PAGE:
Twenty three people have been killed by a series of bombs that ripped through Iraq and its capital Baghdad.

Three bombs went off simultaneously in Sabaa al-Bour, a small Shiite city about 30km (20 miles) north of the national capital.

The blasts struck an outdoor market that was packed with shoppers. Two devices went off at the market entrance while the third exploded well inside the shopping area.

Police and hospital officials said a number of women and children were among the dead, while dozens were injured.

Earlier a bomb blast hit the al-Athorien market in Baghdad's southern neighbourhood of Dora in a separate attack.

At least seven people, including two women, were killed and 17 wounded, authorities said.

There was no immediate claim of responsibility.

Ethnic violence is rife in the country and has reached its worst levels in recent years, with more than 4,000 people killed during the past few months.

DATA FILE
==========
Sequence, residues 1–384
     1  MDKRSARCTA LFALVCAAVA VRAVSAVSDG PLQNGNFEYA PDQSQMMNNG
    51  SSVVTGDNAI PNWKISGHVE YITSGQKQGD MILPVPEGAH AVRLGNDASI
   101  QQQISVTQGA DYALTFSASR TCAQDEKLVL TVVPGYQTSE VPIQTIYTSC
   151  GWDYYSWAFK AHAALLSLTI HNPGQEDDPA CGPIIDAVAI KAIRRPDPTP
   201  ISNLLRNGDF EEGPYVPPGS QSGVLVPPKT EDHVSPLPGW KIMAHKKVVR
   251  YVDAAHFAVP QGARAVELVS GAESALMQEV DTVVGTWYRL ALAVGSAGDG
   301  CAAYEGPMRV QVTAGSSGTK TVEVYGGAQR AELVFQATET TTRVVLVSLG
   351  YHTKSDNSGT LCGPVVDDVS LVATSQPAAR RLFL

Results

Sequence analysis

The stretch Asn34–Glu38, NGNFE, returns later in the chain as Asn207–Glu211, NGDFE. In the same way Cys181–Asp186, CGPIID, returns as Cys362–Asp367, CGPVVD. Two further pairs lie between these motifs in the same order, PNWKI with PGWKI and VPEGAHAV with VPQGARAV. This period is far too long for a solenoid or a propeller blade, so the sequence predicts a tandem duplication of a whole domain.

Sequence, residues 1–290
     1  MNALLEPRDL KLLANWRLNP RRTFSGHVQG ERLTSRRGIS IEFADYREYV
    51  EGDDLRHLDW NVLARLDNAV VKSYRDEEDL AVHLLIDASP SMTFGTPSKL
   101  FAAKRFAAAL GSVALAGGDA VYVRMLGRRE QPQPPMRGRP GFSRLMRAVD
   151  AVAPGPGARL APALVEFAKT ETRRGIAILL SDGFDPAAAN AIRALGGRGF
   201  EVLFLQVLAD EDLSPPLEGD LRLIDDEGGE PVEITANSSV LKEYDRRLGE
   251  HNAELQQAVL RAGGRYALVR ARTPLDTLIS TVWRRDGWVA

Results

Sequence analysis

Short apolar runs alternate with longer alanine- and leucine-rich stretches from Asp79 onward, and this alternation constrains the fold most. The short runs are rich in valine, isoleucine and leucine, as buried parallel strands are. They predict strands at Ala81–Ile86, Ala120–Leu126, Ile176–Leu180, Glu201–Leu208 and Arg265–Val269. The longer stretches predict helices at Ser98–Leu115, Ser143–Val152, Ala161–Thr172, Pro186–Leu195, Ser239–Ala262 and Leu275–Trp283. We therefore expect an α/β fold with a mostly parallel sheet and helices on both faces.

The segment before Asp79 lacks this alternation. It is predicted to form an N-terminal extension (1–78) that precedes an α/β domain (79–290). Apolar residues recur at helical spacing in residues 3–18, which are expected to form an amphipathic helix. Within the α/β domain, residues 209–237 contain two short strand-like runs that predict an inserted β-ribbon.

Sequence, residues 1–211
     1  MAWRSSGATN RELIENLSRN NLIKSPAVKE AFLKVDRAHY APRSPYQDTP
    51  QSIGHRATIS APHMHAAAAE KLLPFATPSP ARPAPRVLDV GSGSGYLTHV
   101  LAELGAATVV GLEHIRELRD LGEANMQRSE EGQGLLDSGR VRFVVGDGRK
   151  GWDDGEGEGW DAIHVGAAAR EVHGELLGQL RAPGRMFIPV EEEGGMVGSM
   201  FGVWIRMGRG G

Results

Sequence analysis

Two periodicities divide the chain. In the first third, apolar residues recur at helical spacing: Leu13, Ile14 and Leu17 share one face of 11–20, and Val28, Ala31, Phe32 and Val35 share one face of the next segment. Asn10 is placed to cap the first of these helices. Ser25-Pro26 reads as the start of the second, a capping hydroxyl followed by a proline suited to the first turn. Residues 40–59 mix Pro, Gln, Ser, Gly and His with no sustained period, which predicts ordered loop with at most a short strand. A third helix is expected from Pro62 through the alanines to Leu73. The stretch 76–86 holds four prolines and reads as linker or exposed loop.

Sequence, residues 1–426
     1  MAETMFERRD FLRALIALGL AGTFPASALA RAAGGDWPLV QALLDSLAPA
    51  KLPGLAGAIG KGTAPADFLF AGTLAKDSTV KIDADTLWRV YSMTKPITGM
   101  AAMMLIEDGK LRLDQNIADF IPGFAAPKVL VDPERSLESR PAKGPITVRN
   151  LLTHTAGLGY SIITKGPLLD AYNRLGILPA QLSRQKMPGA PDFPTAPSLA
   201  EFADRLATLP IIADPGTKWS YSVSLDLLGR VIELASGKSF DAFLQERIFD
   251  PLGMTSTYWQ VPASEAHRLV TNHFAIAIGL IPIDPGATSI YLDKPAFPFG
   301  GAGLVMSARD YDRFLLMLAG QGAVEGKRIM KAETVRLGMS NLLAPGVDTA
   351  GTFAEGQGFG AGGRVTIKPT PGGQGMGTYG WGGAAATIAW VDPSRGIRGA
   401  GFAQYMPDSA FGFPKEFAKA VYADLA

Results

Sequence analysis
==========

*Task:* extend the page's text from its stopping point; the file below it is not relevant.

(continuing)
A cluster of Sunni militant groups, including al-Qaida, have increased attacks against Iraq's Shiite-led government, fuelling an outbreak of sectarian violence that threatens to push the country into civil war, as it did in 2006 and 2007.

Al-Qaida's local franchise, known as the Islamic State of Iraq, has killed more people in Iraq in the last few months than at any time since 2008.

The group has carried out a spate of terrorist attacks and staged spectacular prison breaks, extending its reach into neighbouring Syria, where it has exploited the ongoing civil war to talk over control of large rebel-held areas.

It was said to have executed Italian missionary Paolo Dall'Oglio, although reports of the activist's death have yet to be confirmed.